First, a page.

Experts want Ontario to change law forbidding cremation of bodies treated with radioactive therapy

In Ontario, Canada it is illegal to cremate a patient who has received the radiation treatment brachytherapy. Radiation experts are now calling on the province to change the law, according to a report by CBC News.

Brachytherapy involves permanently implanting tiny radioactive seeds in a particular area of the body in an effort to attack cancer cells. The treatment, depending on the patient, can be among the most effective and least demanding cancer treatments.

The radioactive isotopes involved have a 60 day half-life, reducing their radioactivity by half every two months, CBC reported. At two years, no precautions need to be taken.

However, the outdated legislation, as some experts describe it, is causing patients to forgo the therapy, and in at least one case a family could not cremate their father because of such regulations.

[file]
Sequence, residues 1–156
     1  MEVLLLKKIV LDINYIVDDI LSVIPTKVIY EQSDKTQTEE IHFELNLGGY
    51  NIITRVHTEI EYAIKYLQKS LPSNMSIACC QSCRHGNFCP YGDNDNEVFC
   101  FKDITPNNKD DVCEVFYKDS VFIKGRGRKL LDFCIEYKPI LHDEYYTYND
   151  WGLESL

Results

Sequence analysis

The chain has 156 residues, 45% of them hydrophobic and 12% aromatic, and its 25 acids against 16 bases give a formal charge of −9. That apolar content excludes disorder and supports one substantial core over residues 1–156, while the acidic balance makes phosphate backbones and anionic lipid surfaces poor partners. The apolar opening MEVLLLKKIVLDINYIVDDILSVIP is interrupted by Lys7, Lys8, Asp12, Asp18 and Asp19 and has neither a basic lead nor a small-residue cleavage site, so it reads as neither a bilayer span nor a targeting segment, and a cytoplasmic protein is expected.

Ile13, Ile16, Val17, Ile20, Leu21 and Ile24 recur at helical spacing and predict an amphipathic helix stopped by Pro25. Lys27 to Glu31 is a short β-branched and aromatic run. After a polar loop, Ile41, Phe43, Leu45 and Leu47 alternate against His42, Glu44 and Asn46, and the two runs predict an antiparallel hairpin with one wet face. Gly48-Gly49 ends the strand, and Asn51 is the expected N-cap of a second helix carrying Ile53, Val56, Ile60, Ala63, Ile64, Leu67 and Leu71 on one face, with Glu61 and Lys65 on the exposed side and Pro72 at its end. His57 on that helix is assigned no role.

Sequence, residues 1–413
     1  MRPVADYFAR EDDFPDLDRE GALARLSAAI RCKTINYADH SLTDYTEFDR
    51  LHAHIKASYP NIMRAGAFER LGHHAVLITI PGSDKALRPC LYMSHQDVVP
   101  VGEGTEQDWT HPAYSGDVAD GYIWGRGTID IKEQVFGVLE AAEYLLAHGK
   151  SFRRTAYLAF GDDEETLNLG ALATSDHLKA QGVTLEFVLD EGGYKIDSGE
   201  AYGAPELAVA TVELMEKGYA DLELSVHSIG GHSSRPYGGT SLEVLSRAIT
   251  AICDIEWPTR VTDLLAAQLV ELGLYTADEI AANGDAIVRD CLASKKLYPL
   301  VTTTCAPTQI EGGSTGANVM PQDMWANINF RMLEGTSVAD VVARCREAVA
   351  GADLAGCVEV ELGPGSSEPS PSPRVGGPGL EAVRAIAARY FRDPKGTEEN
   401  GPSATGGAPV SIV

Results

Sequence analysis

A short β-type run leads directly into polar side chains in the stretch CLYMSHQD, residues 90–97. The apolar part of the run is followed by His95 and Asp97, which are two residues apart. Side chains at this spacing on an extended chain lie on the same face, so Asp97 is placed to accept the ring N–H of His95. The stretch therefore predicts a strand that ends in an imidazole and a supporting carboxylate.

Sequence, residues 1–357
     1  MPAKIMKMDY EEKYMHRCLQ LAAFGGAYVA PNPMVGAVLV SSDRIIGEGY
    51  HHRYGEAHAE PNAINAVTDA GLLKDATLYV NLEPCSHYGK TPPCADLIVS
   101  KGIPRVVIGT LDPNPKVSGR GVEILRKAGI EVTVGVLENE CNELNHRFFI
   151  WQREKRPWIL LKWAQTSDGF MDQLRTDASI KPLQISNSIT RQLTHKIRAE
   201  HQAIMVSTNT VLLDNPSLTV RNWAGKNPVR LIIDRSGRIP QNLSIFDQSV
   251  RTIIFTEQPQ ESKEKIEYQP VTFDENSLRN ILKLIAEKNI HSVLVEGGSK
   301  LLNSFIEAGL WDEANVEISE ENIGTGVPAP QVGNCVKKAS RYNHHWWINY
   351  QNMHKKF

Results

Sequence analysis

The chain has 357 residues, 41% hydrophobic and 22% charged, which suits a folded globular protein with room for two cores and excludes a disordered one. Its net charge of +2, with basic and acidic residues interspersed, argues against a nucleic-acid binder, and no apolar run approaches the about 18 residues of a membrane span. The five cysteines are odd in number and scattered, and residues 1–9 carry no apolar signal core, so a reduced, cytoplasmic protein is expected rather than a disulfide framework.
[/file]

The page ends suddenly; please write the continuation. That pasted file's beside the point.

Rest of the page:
"It means that a fairly large group of people that have end-of-life plans that include cremation … are now not getting the best therapies that they might need," said Curtis Caldwell, chief scientist at the Radiation Safety Institute of Canada, to CBC News. "I think if the politicians involved were aware of the issue, they would probably agree with trying to get this changed.”

A similar situation emerged recently, when radioactive material was found on equipment in an Arizona crematorium, which was then traced to a man previously treated with radiopharmaceuticals. The story garnered so much attention the American College of Radiology and American Association of Physicists in Medicine released a statement on the matter.

Read the entire CBC News story below.